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I saw a video of a police interrogation on Youtube where first the officer reads the detainee his Miranda Rights which includes he had the right to have an attorney present during the interrogation, and he could stop the interview at any point if he didn't want to answer any question

After signing this document the officer further asks him to sign another document that said the detainee voluntarily "waives all those rights" of his own volition, so that the officer can go on with the interview

What I don't understand is, is the detainee no longer allowed legal counsel after this point? Can he still stop the interview at any point if he doesn't like the officer's question?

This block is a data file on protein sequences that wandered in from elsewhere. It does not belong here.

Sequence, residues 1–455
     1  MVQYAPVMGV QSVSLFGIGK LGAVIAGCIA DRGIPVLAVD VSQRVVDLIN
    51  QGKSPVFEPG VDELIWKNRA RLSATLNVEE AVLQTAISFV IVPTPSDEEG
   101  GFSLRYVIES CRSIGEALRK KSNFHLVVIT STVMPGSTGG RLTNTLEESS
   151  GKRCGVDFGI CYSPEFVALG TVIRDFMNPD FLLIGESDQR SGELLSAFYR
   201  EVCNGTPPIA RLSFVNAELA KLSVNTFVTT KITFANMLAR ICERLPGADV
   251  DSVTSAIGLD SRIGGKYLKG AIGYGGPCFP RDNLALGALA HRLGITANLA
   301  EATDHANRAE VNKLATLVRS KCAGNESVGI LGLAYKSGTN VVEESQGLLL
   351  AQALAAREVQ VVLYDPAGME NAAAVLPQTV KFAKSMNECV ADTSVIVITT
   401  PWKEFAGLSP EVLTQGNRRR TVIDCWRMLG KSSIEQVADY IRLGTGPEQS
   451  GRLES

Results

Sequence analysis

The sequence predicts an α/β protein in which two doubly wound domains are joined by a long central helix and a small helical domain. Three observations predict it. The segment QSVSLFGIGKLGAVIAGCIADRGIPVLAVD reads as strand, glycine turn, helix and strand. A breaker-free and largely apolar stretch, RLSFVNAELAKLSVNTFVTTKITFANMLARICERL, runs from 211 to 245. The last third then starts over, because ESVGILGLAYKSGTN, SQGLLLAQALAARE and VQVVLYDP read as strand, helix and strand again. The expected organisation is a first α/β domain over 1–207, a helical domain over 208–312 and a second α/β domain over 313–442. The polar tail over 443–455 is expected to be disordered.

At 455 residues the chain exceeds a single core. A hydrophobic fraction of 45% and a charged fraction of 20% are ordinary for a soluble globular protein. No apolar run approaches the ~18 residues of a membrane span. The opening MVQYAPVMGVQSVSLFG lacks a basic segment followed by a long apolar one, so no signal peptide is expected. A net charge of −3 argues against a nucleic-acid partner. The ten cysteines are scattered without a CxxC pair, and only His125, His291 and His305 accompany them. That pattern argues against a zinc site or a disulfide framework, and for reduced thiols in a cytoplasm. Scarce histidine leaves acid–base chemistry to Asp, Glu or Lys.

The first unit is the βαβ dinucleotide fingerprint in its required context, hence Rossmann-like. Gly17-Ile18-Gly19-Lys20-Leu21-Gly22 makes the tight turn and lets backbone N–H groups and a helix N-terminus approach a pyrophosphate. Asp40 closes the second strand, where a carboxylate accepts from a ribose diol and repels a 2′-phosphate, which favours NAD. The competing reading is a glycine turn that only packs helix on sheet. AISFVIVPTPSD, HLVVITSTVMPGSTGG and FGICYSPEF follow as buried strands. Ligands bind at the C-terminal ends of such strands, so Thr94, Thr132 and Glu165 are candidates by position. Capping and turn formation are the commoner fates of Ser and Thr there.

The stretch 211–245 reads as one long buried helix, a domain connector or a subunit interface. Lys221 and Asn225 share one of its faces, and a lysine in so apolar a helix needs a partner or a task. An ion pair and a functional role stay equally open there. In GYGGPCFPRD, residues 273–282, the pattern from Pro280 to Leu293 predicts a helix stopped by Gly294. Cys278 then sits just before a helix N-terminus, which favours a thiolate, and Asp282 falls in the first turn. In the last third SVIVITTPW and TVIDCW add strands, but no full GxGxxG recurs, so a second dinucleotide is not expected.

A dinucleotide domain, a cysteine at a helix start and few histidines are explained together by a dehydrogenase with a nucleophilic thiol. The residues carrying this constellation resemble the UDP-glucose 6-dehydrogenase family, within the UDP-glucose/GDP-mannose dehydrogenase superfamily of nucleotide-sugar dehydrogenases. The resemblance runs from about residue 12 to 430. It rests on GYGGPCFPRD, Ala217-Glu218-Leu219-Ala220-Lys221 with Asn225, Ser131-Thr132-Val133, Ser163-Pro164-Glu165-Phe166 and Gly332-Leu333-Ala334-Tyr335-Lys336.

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The detainee can stop the interview at any point and ask for legal council; signing that he has waived those rights for now does not amount to a permanent waiver. The purpose of the document is to provide evidence, should it be needed, that, having been advised of their rights, they have chosen to forego them.

  • Would it be within the interrogating officer's rights to bully the subject into believing that he no longer had a right to an attorney because he'd signed that away? – WBT Sep 26 '16 at 15:51

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